Tuesday, August 7, 2012

East Coast vs West Coast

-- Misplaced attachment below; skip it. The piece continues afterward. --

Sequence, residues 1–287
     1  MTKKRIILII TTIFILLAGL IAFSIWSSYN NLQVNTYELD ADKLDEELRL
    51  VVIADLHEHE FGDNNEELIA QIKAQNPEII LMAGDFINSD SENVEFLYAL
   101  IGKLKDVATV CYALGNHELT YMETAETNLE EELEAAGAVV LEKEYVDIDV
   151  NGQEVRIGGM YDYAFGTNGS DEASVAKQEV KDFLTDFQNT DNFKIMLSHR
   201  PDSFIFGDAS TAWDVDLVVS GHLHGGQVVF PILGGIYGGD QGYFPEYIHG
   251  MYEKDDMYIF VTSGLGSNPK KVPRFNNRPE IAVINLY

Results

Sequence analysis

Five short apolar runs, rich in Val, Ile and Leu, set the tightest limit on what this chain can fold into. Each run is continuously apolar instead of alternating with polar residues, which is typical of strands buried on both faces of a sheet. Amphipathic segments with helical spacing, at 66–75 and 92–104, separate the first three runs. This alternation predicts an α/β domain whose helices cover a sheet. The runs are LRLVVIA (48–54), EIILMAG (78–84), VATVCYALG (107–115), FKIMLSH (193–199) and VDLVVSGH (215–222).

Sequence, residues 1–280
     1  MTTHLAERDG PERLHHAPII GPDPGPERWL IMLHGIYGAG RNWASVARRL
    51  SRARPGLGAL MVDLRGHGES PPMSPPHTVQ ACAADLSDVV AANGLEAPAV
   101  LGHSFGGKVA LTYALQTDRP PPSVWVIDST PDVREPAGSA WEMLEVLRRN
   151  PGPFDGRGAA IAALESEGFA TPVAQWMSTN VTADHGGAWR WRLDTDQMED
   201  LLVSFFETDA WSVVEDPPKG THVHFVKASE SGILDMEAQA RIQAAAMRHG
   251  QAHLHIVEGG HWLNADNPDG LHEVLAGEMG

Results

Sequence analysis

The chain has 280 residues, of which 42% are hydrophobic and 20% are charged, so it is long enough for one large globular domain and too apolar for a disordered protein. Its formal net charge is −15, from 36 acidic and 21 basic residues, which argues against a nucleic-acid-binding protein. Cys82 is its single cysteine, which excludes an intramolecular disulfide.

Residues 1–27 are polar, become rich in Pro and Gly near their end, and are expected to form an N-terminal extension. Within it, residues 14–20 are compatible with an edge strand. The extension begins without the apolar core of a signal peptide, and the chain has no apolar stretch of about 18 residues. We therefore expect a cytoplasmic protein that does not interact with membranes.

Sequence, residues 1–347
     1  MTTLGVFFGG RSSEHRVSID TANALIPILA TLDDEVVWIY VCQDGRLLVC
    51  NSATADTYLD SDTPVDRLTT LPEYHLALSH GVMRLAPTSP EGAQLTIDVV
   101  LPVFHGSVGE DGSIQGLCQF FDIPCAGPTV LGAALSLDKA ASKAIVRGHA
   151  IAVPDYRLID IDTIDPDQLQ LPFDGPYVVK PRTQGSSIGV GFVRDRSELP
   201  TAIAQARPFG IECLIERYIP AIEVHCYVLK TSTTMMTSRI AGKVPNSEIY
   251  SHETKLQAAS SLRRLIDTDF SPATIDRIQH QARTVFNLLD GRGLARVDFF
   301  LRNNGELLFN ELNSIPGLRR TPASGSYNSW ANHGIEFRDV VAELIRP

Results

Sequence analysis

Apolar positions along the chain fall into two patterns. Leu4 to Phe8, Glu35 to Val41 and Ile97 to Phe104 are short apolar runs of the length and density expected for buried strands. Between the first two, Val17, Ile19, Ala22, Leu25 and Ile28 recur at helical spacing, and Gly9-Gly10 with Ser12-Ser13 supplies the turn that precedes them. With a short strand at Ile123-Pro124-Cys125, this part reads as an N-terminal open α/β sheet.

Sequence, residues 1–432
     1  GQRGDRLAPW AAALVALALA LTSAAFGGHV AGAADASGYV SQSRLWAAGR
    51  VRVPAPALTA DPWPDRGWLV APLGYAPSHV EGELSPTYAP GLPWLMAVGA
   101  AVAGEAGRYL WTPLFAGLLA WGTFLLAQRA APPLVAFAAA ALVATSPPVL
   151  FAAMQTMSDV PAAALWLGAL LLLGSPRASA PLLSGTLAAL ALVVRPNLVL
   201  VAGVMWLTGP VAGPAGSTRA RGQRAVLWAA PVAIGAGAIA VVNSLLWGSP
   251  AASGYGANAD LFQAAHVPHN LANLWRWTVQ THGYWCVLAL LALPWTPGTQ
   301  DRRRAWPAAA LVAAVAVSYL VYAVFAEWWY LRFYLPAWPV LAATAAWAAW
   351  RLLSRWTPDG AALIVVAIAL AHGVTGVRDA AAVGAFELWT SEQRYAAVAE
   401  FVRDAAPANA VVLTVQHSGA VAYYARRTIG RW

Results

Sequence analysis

I've recently finished a couple of urban farming memoirs: Novella Carpenter's Farm City: the education of an urban farmer and My Empire of Dirt : how one man turned his big city backyard into a farm : a cautionary tale by Manny Howard. Both were interesting to read, but both were really American in their assumptions. Novella Carpenter wrote her book from Oakland, CA, while Manny Howard was writing his from Brooklyn, and the bi-coastal divide is really apparent in their approaches, their style, and their outcomes. Manny, like Julie Powell of Julie and Julia fame, takes on a project that becomes obsessive and relationship-destroying. We meet him suffering a moment in his life that I remember well, the moment when you look around at the reality of being married and having young children. You suddenly realize that it's not all about you, and you are a grown-up now, even if you don't feel like it, want it, or believe it. Its disorienting at best, and in our modern consumer-oriented, atomized culture, distressing. We've created a culture that is best served when we remain self-obsessed adolescents for our entire lives, where “growing up” is seen as the end of the best times rather than a transition into a richer time. In Manny Howard's case, there is a serendipitous phone call from an editor: “How about you turn your yard into an urban farm and live off it for a month?” I can only assume that there was large amounts of alcohol available at that story meeting..... Manny is trapped in that space between adolescent invulnerability and adult sense, and so agrees. His expenses will be covered and there's a nice chunk of change at the end of it all. It is, for anyone who's ever thought about turning their yard into a farm, a perfect situation. You do the work, and someone else pays the bills. Manny bulls ahead, clearing out his backyard, installing a French drain system, and trucking in a load of good topsoil. His aspirations quickly spiral out of control, as he plans a garden, ducks, chickens, and rabbits. His approach is best described when he notes that “this cage, like the rest, was built on the driveway with no plans.” He's never gardened, let alone farmed, and there's no time to do the research up front, so go, go, go! His wife, a long-suffering, highly paid executive at a New York publishing firm (yes, a chauffeured town car picks her up and drops her off daily), watches her husband descend into a madness of obsession and manure, where his definition of the perfect world is radically different from her own. And he appears committed to taking the two children with him into this nightmare. Ultimately, Manny doesn't do a good job of living for a month from the work of his hands. Its not all his fault—there is, after all, a tornado that touches down on his street. And his forays into home meat production are ill-considered at best. All of which stand in stark contrast to the joyous madness happening in Oakland. Novella and her partner Bill move into GhostTown, a neighbourhood in Oakland that is barely functional, where there are shootings blocks away, where the best you can say is that it has become a Temporary Autonomous Zone. Bill, Novella's partner, refits vehicles to burn bio-diesel made from recycled vegetable oil. She works miscellaneous temp or part-time jobs, and comes from a pair of 70s back-to-the-landers. Suffice it to say, Novella is not without clue. Not that she makes it easy on herself. GhostTown is a tough place to live—almost unimaginable for a Canadian working class kid like myself. But when she spies the seemingly abandoned lot next door, Novella hatches a plan. Like the Diggers of England, and the Diggers of San Francisco, she sees that ownership and use must go together. So she begins to clear an abandoned city lot in order to build a garden. And right from the get-go, people start showing up to help. This would be Reader's Digest stuff, except for the strong whiff of counter-culture and the lack of respect for property rights. So, more Utne Reader then.... Novella's book is filled with people who are not her. The people she talks with about how to kill a pig, the drunks and druggies, her neighbours. In each case she tries to give the reader an impression of who this person is, to help make the same connection to them that she felt. The farm is central, but the real story in Farm City is the web of relationships that develop in the temporary Autonomous Zone. Novella gains self-definition when she meets Willow, the woman who drives the area's food security program by farming vacant space and refers to herself as an “urban farmer.” It is a label that Novella quickly adopts (and with good reason). Novella builds gardens,and then decides to indulge in the gateway drug of the urban agriculture movement: chickens. Or, in this case, chickens, turkeys, and ducks. Chickens really are a gateway drug. They add something alive to the landscape—whether urban or rural—and by the time they are ready to lay eggs, you're already addicted to watching alien-yet-understandable activities. And the first time you steal eggs from a nest, you know you're never going back again. I've a farming background, even though I was brought up in the city, so I have always known about the linkage between raising an animal and having to kill one. But killing an animal, any animal, is one of the rituals of humanity from which we have become abstracted. Death is something we shelter ourselves from, hide away, and by doing so, make more powerful. Death is the act that separates the gardener from the farmer. Death is the hurdle that has to be cleared. Both Manny Howard and Novella Carpenter manage it, but Novella manages it with grace and understanding. The two books reflect their authors, but also the places they are written about. Manny Howard's is intense and neurotic—much like the Greater New York area seems to be. Novella Carpenter's book is sprawling and inviting, a masterful combination of memoir and research. Perhaps my being more of a West Coaster than an East Coaster affects my response to the two books. Or maybe being a hippie at heart and a back-to-the-lander myself defines my response. But I'd rather read about Novella's successes rather than Manny's meltdown.